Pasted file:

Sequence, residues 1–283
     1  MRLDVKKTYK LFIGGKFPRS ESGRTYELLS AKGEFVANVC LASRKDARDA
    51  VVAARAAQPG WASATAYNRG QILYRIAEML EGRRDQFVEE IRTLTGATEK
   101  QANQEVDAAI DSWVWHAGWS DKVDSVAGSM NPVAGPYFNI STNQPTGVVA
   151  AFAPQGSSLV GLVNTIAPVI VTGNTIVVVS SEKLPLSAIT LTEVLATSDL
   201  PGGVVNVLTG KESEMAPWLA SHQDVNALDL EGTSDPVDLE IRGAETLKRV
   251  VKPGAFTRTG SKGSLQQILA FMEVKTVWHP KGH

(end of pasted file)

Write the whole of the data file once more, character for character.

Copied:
Sequence, residues 1–283
     1  MRLDVKKTYK LFIGGKFPRS ESGRTYELLS AKGEFVANVC LASRKDARDA
    51  VVAARAAQPG WASATAYNRG QILYRIAEML EGRRDQFVEE IRTLTGATEK
   101  QANQEVDAAI DSWVWHAGWS DKVDSVAGSM NPVAGPYFNI STNQPTGVVA
   151  AFAPQGSSLV GLVNTIAPVI VTGNTIVVVS SEKLPLSAIT LTEVLATSDL
   201  PGGVVNVLTG KESEMAPWLA SHQDVNALDL EGTSDPVDLE IRGAETLKRV
   251  VKPGAFTRTG SKGSLQQILA FMEVKTVWHP KGH